The models, covering a variety of policy scenarios extending to 2050, find that natural gas consumption will dramatically increase and significantly displace coal — if there is a carbon price. If not, “coal would continue to dominate.”

A scenario in which the U.S. does not restrict GHGs emission finds that U.S. gas production will rise by around 40% between 2009 and 2040. If the U.S. puts a price on emissions, production will rise closer to 30% by 2040 but then start falling slowly. In reality, even if we are dumb enough to not pass climate legislation in the next few years, it is certainly inevitable that we do so long before 2040, which makes projections beyond that point seem pointless.

The study finds that the natural gas resource base in the U.S. is large — enough for about 92 years worth of consumption at present domestic consumption rates — but much of this is from unconventional sources that will require additional research and development to recover.

To achieve an integrated role for natural gas in a carbon-constrained world, the study advocates several key policy recommendations. Broadly, it argues, the U.S. should use more gas for electricity generation and transportation:

Results indicate that a coal to gas displacement strategy could reduce power sector CO2 emissions by about 22% and demand for natural gas in the ERCOT electricity generation market would increase (by 0.36 TcF/year).

The study also looks at using CNG to power light-duty vehicles and LNG for heavy-duty vehicles, respectively. Because CNG use reduces GHG emissions by around 25% relative to gasoline, there could be a good passenger vehicle market; however, payback time of the upfront costs of a CNG conversion must become three years or less for market penetration to occur. It also considers expanding the use of LNG for long-haul trucks, a currently limited market; CAP estimated that if we can get nearly 3 million natural gas heavy trucks on the road by 2035, they could eventually displace up to about 1 million barrels per day, or 45 percent of the projected oil consumption of heavy trucks by 2035.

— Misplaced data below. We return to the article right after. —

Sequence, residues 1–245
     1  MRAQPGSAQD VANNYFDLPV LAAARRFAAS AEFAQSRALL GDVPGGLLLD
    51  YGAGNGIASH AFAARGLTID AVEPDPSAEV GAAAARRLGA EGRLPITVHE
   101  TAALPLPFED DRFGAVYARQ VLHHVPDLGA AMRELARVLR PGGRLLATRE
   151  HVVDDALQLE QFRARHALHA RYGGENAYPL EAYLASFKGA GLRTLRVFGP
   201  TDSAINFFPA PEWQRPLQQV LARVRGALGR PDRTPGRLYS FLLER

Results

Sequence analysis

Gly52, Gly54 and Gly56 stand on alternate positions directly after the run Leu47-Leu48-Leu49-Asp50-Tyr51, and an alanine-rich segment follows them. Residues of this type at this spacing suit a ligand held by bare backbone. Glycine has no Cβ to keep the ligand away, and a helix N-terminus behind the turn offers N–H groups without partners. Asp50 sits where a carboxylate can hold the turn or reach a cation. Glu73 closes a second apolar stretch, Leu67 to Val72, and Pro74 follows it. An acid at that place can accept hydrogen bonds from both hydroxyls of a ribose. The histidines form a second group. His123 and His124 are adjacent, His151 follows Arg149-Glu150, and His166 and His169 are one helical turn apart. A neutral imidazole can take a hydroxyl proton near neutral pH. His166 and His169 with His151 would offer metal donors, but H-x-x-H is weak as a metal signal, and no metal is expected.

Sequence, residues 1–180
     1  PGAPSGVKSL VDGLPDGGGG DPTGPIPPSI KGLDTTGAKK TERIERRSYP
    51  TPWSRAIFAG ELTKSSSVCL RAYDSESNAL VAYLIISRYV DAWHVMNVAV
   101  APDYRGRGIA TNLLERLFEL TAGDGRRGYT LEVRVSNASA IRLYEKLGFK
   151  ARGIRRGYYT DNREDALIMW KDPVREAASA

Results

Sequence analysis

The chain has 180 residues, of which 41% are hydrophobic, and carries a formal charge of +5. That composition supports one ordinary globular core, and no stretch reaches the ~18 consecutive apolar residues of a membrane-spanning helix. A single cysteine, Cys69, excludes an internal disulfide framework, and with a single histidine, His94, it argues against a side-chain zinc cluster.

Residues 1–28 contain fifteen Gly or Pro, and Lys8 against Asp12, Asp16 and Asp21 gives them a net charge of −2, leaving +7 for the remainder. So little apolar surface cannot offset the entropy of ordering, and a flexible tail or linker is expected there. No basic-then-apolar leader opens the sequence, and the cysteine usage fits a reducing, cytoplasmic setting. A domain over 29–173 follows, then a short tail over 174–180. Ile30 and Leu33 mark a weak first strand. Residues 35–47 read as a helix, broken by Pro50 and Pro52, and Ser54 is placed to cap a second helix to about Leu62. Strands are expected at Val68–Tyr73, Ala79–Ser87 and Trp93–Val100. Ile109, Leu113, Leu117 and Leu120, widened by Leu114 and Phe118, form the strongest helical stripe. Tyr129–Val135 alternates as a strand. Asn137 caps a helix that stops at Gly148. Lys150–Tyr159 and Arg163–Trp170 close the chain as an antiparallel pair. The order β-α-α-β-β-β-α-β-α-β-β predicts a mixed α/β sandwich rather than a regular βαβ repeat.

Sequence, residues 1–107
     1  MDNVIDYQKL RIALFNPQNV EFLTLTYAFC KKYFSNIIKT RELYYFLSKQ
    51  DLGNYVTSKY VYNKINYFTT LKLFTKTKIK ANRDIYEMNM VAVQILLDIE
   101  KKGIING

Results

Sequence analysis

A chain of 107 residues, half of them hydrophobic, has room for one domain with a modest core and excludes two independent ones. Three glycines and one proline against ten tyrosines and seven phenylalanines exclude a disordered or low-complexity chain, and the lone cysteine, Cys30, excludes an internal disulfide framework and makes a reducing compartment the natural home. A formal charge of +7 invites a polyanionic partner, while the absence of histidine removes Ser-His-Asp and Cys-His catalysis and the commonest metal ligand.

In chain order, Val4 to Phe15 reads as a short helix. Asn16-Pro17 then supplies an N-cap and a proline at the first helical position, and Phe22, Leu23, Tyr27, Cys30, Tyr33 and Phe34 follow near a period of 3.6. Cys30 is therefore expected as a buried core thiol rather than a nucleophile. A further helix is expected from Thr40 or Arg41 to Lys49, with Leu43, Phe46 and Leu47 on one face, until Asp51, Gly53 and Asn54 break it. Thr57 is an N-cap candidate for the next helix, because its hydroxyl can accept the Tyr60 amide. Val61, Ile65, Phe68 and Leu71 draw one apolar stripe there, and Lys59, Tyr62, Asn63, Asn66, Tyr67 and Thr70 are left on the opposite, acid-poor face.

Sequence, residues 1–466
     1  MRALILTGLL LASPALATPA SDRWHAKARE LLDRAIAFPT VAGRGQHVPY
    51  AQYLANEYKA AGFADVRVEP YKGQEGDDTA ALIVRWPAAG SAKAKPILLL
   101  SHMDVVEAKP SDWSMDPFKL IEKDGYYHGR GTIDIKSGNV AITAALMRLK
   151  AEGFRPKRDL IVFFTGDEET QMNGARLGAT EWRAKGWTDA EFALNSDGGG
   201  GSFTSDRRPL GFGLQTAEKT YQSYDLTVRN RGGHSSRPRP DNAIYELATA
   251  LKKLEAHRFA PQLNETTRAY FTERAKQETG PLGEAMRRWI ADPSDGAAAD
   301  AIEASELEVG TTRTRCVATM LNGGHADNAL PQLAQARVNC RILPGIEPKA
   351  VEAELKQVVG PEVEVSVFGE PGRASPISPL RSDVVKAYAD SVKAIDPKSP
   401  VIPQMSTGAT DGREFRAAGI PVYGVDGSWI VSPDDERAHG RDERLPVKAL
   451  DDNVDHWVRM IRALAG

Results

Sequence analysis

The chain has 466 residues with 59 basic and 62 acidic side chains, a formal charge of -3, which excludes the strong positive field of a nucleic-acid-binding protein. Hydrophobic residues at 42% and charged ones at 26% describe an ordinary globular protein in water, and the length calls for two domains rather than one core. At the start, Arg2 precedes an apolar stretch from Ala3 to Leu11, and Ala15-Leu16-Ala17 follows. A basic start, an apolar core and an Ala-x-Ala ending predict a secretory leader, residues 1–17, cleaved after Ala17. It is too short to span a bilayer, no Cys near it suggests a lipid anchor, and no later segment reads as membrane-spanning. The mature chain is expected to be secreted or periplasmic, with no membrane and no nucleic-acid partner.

Yet panelists at the study’s release were careful to note that great legislative uncertainty remains, in addition to other uncertain factors such as gas reserve size, cost structure, and market conditions. In this uncertain climate, Gregory Staple, CEO of American Clean Skies Foundation, one of the study’s sponsors, argues for a strong natural gas title in energy legislation currently being debated in Congress, as well as stricter limits on global warming pollution:

At a minimum, a new energy bill should adopt stricter greenhouse gas emission standards for existing power plants and set a timetable for phasing out the least efficient and dirtiest coal-fired power plants.

Such a shift toward natural gas, under the right policies, can both enhance national security and reduce global warming pollution. For natural gas to best transition into its role as bridge fuel, comprehensive clean energy and climate legislation should become a reality.